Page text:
Synthetic biology is a set of tools, a way of thinking, the integration of engineering principles into biological sciences, and potentially the biggest opportunity for advances in plant sciences since PCR. Yet many struggle to define it, and fewer still grasp its full potential.
Now, four early-career synthetic biologists have conducted a set of video interviews with leaders in the field of plant synthetic biology, in both academic and industrial arenas.
In the second of the series Interviews with Synthetic Biologists, Steven Burgess, Visiting Scholar at the University of Illinois at Urbana-Champaign, interviews Michael Mendez CEO and co-founder of Renew Biopharma.
Mike Mendez has been involved with ten start-up companies and has been a founder of four. He is a leading innovator in biotechnology, and has developed platforms for production of recombinant fully human antibodies, membrane protein expression. He was also co-founder and vice president of technology at Sapphire Energy, where he transformed the field of microalgae engineering and created a trait mining platform to discover genes in algae that could be applied to agriculture. (Read more about Mike in Newsweek: The Promises and Perils of Synthetic Biology, March 11, 2015.)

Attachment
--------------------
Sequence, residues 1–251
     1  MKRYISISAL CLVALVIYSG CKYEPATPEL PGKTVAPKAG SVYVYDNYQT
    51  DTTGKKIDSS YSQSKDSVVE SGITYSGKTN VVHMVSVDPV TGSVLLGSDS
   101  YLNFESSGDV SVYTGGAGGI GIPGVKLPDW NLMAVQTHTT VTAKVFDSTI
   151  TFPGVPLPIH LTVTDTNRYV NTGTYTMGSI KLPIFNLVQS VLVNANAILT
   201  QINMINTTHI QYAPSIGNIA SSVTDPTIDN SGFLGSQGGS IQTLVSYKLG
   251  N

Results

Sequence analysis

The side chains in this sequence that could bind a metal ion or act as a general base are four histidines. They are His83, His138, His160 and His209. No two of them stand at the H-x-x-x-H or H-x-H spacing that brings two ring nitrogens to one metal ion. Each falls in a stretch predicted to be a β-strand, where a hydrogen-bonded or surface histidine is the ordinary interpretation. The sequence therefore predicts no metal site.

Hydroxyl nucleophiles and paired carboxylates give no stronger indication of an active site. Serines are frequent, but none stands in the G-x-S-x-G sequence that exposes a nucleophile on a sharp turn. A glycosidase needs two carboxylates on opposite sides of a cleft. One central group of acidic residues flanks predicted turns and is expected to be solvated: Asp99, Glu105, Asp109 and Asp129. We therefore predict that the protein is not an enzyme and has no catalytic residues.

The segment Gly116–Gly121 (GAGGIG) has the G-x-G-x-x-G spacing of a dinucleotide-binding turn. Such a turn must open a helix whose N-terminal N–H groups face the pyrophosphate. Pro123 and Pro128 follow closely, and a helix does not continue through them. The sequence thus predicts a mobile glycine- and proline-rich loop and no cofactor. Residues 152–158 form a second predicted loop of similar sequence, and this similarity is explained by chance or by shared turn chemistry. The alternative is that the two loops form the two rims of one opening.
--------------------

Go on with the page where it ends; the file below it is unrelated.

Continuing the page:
For the past two years, Mike has been CEO of Renew Biopharma, a synthetic biology company that relies on molecular biology and pathway engineering to produce natural and novel cannabinoids that can cross the blood-brain barrier and target specific receptors associated with neuroinflammation and chronic pain.
Here, he talks to Steven Burgess about synthetic biology, algae, and natural products from plants.
What problem is Renew Biopharma looking to address?
It’s difficult to treat diseases of the brain because it’s difficult to get molecules across the blood-brain barrier. Cannabinoids clearly have the ability to get across the blood-brain barrier… we can design therapeutics around them.
How is Renew Biopharma’s approach different from conventional biotechnology?
It’s about numbers. It’s about cheap sequencing and it’s about cheap synthesis. Large numbers is at the heart of synthetic biology.
Why algae? Why not yeast?
Proteins require post-translational modifications. Algae does this quite well. A lot of algal technology came out of Sapphire Energy – its focus was to domesticate algae, to make it into an energy crop.
What excites you most about synthetic biology?
Because synthesis is so cheap, it’s allowing people to not be hemmed in by their ideas. Now, people can really look at a broad range of mutagenesis or proteins that have never been looked at before.
Do you have any advice for those considering careers in industry?
One of the greatest differences between academia and industry is … in industry, everything is collaborative. Some of your focus should always be in terms of your ability to have leadership, to work with others, and to work within a team.
Steven Burgess did his PhD at Imperial College London, and was a post doc with Julian Hibbard in Cambridge. He is currently a Visiting Scholar at the University of Illinois whose research interests are focused on improving photosynthetic performance of crops for increased yields, using conventional breeding, random mutagenesis and synthetic biology approaches. Follow Steven on Twitter at @sjb015.
Previously in this series: Steven Burgess interviews Professor Jennifer Nemhauser. Stay tuned for more in this series of Interview with Synthetic Biologists.